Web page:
There is an obligation on parties to disclose all relevant information about their superannuation entitlements for consideration in family law property settlements. When the name of a spouse’s fund is known, a confidential application seeking relevant information about the member spouse’s entitlement and its value can be made to the fund trustee by either the member or their spouse. Sometimes however spouses forget the whereabouts of their superannuation entitlements or deliberately avoid giving disclosure.
The Government recently released for consultation an exposure draft legislation and explanatory material that amends the Taxation Administration Act 1953 and the Family Law Act 1975. Its purpose is to facilitate the identification and value of superannuation assets by parties to family law proceedings and leverage information held by the Australian Tax Office (ATO). Unfortunately, the process will not be available for those matters where court proceedings have not yet been commenced.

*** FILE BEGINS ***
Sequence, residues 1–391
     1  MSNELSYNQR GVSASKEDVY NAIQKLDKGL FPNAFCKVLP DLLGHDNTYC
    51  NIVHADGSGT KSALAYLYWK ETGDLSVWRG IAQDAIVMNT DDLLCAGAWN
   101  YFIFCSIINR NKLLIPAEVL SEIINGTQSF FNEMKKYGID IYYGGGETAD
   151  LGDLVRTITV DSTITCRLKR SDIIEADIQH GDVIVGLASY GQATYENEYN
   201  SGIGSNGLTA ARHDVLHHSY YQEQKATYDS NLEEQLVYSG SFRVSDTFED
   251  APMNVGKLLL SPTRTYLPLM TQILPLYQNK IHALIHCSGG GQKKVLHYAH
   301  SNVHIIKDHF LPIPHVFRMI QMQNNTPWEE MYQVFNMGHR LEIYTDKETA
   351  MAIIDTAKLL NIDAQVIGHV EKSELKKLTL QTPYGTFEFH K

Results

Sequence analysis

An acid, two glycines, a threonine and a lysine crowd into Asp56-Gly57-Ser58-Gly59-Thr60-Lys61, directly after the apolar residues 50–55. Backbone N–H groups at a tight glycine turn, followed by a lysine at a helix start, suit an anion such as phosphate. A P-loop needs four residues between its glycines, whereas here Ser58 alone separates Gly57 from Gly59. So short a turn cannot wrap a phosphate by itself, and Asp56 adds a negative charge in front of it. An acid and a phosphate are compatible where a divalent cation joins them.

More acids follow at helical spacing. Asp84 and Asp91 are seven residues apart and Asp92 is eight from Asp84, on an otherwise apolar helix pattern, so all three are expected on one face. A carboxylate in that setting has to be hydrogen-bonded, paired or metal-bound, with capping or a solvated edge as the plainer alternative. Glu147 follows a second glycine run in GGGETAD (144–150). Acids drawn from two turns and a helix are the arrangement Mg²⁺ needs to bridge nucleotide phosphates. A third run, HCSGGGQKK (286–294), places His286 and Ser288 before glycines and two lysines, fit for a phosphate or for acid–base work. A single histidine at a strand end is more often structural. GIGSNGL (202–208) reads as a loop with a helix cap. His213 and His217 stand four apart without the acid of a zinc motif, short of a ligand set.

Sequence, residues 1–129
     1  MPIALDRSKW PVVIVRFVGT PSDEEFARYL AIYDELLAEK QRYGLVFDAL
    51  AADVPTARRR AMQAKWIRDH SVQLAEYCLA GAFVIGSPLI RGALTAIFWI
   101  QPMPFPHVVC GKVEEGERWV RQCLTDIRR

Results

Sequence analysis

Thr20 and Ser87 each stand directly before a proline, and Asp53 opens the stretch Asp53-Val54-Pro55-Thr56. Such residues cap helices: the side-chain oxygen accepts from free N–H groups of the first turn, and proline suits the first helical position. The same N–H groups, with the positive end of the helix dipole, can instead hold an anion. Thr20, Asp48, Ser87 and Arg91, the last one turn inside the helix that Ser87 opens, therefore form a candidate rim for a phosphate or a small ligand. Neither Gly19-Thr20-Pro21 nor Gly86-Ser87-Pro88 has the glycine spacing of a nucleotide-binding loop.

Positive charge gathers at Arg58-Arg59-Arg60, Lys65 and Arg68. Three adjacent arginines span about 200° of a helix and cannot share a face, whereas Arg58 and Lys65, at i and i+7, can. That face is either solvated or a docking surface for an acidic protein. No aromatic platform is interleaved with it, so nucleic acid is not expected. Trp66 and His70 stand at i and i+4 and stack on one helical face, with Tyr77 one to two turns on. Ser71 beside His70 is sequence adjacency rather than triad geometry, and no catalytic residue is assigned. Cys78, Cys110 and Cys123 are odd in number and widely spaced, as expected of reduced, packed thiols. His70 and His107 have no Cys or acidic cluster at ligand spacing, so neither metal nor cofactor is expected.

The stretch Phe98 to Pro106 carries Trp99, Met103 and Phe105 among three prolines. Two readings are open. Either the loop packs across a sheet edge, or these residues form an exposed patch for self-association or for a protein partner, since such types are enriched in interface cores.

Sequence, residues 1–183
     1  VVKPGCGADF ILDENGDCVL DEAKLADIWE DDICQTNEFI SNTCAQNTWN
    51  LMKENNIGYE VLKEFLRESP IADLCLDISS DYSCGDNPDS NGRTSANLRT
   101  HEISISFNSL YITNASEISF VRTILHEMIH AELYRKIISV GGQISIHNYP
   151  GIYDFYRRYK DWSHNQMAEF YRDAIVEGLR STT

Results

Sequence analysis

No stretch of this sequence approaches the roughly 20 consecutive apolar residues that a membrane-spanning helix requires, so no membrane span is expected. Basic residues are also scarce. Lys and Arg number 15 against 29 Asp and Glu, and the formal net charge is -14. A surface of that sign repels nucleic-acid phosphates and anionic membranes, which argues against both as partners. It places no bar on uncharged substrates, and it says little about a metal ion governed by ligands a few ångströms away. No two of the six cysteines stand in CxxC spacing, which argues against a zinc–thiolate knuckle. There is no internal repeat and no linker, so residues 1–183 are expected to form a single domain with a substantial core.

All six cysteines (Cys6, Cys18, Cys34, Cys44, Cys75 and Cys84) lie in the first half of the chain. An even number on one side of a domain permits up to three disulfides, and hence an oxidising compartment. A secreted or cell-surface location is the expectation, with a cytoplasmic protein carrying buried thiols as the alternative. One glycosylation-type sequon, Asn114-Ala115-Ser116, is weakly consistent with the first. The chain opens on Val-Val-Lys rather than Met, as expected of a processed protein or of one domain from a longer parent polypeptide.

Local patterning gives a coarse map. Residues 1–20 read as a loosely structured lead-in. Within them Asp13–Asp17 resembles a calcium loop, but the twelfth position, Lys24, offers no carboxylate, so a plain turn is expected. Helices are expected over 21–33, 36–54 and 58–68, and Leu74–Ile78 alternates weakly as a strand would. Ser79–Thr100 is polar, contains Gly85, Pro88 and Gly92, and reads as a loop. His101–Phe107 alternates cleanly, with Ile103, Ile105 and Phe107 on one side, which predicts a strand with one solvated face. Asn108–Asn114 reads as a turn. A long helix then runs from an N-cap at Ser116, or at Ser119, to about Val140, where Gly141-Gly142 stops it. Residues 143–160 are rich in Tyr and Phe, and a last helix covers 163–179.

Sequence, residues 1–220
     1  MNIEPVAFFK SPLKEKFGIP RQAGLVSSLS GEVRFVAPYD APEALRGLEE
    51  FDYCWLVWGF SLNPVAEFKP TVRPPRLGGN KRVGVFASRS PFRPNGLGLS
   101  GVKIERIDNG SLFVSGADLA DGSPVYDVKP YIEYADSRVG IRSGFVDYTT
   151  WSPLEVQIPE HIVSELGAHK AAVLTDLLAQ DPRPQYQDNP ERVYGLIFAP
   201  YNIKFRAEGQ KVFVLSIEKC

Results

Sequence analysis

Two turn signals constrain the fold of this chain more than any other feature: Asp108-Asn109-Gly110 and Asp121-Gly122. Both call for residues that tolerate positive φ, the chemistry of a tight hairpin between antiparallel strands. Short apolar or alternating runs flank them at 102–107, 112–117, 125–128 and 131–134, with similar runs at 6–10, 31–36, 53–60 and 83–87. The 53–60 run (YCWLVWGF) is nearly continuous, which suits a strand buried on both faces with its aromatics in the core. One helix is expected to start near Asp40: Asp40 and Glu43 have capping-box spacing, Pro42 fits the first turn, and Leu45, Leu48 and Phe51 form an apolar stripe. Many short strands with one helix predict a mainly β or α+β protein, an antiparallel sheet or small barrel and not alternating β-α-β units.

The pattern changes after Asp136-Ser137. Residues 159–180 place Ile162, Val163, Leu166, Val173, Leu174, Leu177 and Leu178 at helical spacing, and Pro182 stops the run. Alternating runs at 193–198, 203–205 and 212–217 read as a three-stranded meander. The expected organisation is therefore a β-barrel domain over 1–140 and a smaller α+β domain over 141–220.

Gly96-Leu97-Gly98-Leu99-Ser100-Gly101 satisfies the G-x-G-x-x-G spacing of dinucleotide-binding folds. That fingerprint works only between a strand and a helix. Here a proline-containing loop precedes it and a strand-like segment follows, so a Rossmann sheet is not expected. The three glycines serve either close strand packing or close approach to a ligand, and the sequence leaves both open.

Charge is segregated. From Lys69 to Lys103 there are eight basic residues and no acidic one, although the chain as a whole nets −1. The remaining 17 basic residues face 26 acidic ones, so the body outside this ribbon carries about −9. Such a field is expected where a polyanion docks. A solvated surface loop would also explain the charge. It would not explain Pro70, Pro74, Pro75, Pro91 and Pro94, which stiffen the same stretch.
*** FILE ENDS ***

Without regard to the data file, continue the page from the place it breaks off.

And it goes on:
The exposure draft legislation provides for a party to family law property proceedings in the Family Court of Australia, Federal Circuit Court of Australia and Family Court of Western Australia to apply to the court to request information about the identity and value of their former partner’s superannuation assets from the ATO. The exposure draft legislation will also authorise the ATO to disclose this superannuation information to court registry staff for the purpose of relevant family law proceedings.
The new information-sharing process should make it harder for parties to hide or under-disclose their superannuation assets in family law proceedings, and hopefully reduce the time, cost and complexity for parties seeking accurate superannuation.